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Axinn Antitrust Insight: DOJ Updates Antitrust Leniency Program and Agencies Continue Shift to Increase Merger Enforcement
April 19, 2022
Axinn Update

During the week of the ABA Section of Antitrust’s annual Spring Meeting conference, DOJ and FTC officials made a number of announcements and remarks which continued the Biden Administration’s steady shift toward unconventional and more aggressive antitrust enforcement. First, DOJ announced updates to its flagship criminal Leniency Program that increase the burdens for obtaining leniency. Second, government officials made a number of remarks signaling more hostility to mergers.

New, Stricter Requirements for Criminal Leniency Program

On April 5, 2022, Assistant Attorney General Jonathan Kanter unveiled substantial new changes to the DOJ Antitrust Division’s criminal Leniency Program while speaking at the joint DOJ and FTC Spring Enforcers Summit. The Leniency Program encourages self-reporting of criminal antitrust violations by providing non-prosecution protection in exchange for being the first entity to self-report the violation and full cooperation. Kanter said the updates are intended to make the Leniency Policy more “transparent, predictable, and accessible to the public” by aligning written policy with current practice and using more “plain language” for the benefit of the public. Other DOJ officials speaking at the Spring Meeting similarly downplayed the magnitude of the changes. 

But these revisions – the first changes to the Leniency Policy since the 1990’s – do include some significant changes and may affect incentives for companies and individuals to self-report conduct. The changes also fit into the backdrop of the DOJ’s broader, more aggressive approach to criminal enforcement, exemplified by expansion into labor markets and potentially even monopolization conduct, despite DOJ’s recent failures in criminal enforcement.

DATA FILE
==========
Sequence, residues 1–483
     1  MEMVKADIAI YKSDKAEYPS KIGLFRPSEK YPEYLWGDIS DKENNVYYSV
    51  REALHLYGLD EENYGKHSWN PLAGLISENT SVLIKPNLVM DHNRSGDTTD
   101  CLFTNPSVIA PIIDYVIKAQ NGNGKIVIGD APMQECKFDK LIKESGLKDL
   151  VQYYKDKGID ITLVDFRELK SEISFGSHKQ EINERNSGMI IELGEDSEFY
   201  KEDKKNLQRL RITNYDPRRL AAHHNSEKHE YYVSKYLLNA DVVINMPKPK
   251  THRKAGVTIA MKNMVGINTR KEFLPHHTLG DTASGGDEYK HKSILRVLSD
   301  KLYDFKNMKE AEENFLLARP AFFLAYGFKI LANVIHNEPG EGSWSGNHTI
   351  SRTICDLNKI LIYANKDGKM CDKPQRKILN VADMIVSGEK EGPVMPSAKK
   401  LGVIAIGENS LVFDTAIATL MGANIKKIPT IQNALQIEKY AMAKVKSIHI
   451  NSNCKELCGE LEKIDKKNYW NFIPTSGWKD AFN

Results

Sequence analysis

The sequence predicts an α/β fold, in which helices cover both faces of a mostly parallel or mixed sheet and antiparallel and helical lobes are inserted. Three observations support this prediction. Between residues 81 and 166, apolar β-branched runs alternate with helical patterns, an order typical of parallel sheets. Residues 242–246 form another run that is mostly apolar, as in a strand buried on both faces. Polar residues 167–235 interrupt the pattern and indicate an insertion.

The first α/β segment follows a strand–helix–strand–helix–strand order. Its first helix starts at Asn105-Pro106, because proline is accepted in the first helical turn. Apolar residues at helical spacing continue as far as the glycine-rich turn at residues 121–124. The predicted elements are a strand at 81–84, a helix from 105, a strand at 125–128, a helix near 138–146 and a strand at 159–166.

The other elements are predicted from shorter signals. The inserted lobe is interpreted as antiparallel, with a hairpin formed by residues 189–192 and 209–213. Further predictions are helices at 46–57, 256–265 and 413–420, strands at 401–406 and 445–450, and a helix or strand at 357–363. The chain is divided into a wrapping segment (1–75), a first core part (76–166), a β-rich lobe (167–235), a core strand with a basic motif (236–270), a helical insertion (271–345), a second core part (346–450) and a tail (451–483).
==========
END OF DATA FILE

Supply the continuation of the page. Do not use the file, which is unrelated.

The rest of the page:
The most significant substantive changes are found in the updates to the Division’s “Frequently Asked Questions” (FAQs) document, which describes the way that the Antitrust Division implements the Leniency Policy. The new FAQs revise answers to questions in prior editions, and add nearly 50 more questions and answers to the policy document. Some of the key updates are as follows:

The Antitrust Division also updated its model corporate and individual leniency letters to, among other things, prohibit the applicant from making any public statement, including in litigation, that could contradict the acceptance of responsibility. This could take particular significance if a leniency applicant faces civil litigation with a scope that is broader or different from the conduct admitted as part of its application—causing leniency applicants to walk a tightrope to avoid losing leniency protection. 

On the whole, the recent changes provide a measure of clarity as to the DOJ’s current Leniency Program practices. But they also highlight the heightened burdens, challenges, and new potential pitfalls facing leniency applicants under the current leadership, which may result in a change to a company’s calculus regarding whether to self-report and seek leniency coverage. 

Continued Shift to Increase Merger Enforcement

At various Spring Meeting events, government officials made remarks, including the following, which continue this Administration’s hostility to mergers.

While the antitrust agencies have significant discretion in managing their pre-litigation investigations and making enforcement decisions, ultimately, for parties willing to litigate, the agencies must convince a federal court in order to enjoin a transaction. Merging companies should prepare for greater friction during merger investigations and potentially earlier litigation preparation.

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